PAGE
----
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Three Ways to Increase Your Church’s Evangelism Reach Online

Interview by Visitor Staff

Potomac Conference churches recently had the opportunity to receive funds to enhance their Media Ministries. (Read more here.) The Visitor staff interviewed Richard Castillo, Potomac’s Media director, for tips that all churches can use to improve this vital ministry. 

Visitor: What is the most important thing (social media-wise) churches can do to increase their reach? 

Castillo: It may seem simple to some, but it is imperative that your social media platforms are set to public. Although there will always be a need for safety and intentional thinking regarding security, social media for a church is a valuable tool for public outreach. It can be a place for your members to share and consume photos of events internally, but you can do that in a private group. 

Each church should have a public-facing account that is managed accordingly. Think of your website as a first impression and general information tool. It should represent your church’s personality, culture and pertinent information. It’s like introducing yourself to a new acquaintance, but beyond that single moment, you’ll need so much more to go deeper. 

Actual Relationship With People Outside Your Walls

Social media should be seen as your actual relationship with the people outside your walls. It represents an ongoing, consistent conversation that includes the great moments at your church, event invitations, sweet messages, and methods to allow someone to get to know your church from the outside. It also serves to maintain a good relationship with your current membership. It allows your leadership to acknowledge the good work of your ministry teams through great photography, video and awards. It is a valuable morale-building tool. 

Leadership should view social media as a valuable intentional portion of their evangelism efforts. These days, more people are looking at you electronically through their phones than they ever will from a computer, or, even more rarely, from your actual location. Investing a good portion of your outreach budget in advertising across social media is a strong way to put your church’s personality in front of individuals who may never notice you otherwise. 

You’ve heard the saying, “No one cares how much you know until they know how much you care.” Well, the addendum to this should be, “People who don’t know you will not care what you’ve done unless they can see it with their own eyes.” Not to say that doing great things for the sake of doing good lacks value, but when it comes to attracting new people to your membership, you need a way to prove that your church does what it says it does. If they see it in person, great, but the more efficient way is to always have someone on your staff who is focused on photography. Your smartphone camera will do the job.  

Visitor: What was your biggest takeaway for local church ministry during the pandemic?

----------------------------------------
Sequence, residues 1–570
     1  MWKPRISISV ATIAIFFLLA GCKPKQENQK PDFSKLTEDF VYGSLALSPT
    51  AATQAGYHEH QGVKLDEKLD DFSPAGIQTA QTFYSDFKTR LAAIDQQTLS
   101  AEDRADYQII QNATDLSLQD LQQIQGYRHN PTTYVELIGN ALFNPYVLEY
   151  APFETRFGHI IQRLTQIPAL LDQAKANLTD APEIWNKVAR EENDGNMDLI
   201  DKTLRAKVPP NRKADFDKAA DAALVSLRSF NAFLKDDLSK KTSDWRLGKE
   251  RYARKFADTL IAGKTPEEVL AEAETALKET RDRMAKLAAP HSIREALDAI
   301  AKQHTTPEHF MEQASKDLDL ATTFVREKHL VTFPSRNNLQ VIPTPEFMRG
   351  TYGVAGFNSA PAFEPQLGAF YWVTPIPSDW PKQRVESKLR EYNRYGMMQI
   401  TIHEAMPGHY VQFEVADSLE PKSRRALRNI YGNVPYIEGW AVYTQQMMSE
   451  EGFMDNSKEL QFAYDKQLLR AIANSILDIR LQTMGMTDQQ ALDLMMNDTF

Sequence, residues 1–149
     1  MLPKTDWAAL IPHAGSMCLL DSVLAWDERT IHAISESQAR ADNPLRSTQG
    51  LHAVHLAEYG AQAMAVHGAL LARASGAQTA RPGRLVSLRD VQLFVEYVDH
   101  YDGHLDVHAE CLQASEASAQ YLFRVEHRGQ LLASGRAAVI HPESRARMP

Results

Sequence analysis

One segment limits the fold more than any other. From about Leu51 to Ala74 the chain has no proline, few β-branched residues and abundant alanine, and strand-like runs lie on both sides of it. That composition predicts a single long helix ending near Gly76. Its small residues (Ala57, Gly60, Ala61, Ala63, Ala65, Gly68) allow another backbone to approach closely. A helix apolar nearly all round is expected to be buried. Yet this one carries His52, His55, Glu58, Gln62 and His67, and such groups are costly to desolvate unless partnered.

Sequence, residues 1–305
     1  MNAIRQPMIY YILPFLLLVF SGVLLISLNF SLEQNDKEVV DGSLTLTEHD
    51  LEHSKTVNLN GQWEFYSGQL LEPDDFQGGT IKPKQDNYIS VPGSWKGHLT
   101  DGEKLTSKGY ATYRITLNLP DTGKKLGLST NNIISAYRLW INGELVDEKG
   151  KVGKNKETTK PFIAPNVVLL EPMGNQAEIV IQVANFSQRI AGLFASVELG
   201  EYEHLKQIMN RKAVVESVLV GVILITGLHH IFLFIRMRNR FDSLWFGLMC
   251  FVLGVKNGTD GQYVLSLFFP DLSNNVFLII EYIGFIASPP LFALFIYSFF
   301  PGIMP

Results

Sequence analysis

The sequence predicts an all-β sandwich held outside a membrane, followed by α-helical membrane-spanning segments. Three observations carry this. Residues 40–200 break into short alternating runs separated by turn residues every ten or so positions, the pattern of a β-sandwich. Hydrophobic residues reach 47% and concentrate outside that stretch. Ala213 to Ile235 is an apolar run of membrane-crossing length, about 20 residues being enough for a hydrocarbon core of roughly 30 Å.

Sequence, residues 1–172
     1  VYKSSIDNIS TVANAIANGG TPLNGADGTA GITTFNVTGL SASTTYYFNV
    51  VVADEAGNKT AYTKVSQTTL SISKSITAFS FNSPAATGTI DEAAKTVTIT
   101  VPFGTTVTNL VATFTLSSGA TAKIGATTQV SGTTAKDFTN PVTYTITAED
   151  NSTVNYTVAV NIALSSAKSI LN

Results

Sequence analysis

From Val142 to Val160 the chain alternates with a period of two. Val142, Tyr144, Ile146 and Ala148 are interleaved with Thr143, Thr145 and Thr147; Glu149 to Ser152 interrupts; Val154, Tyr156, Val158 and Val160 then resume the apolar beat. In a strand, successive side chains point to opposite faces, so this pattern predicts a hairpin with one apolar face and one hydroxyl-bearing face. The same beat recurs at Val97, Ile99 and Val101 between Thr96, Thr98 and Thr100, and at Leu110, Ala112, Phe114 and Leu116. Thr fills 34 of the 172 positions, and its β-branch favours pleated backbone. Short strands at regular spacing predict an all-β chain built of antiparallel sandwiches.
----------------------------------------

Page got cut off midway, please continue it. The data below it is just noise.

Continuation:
Castillo: Before the pandemic, you knew that your members could vote with their feet and choose to attend another church in proximity. During the pandemic, this became even more apparent as people could vote with their thumbs and move on to the next stream. We are creatures of comfort, and you can’t blame someone for turning off a stream that has bad audio or making you feel like you’re stuck in a box in the back of your sanctuary. 

People will shop for their churches. They want to know if you’ll match their family’s dynamic. They want to know if you’ll be a good place for their children. They want to know what to wear if they choose to visit. They will watch your archived streams, if even for a few minutes, to get a quick impression of your church. 

Visitor: What are some ways to take a local church media ministry up a notch if a local church is already live-streaming and posting occasionally? 

Castillo: (below)

Audio: Even if you have a wonderful camera setup at your church, if they can’t hear everything in your service, they will turn it off. Upgrading your church’s mixer to allow you to send a cleaner signal to your stream can make even a one-camera church seem more available. 

Video: Your goal should always be to make your media team invisible. Your online viewer shouldn’t have a reason to be critiquing your camera work. The hope would be to allow your viewers to be in worship with everyone who is sitting in your sanctuary. Having at least two cameras will allow you to switch to a camera that is still and focused while you move and adjust your second camera. 

Having three cameras will allow you to always have a wide shot set up so viewers can see the larger church for context and then allow you to focus and zoom into moments of interest during the service. These small details allow your online viewers to avoid derailing in the middle of service. 

Set your standard of quality, and aim never to fall below it: This can be difficult when your team is you, your teenage daughter, and some of their friends who likes cameras, but it is important. Be the example, and you’ll soon find that the standard becomes easier, which allows you to consistently raise the bar. You might even find that a rising tide lifts ALL boats. 




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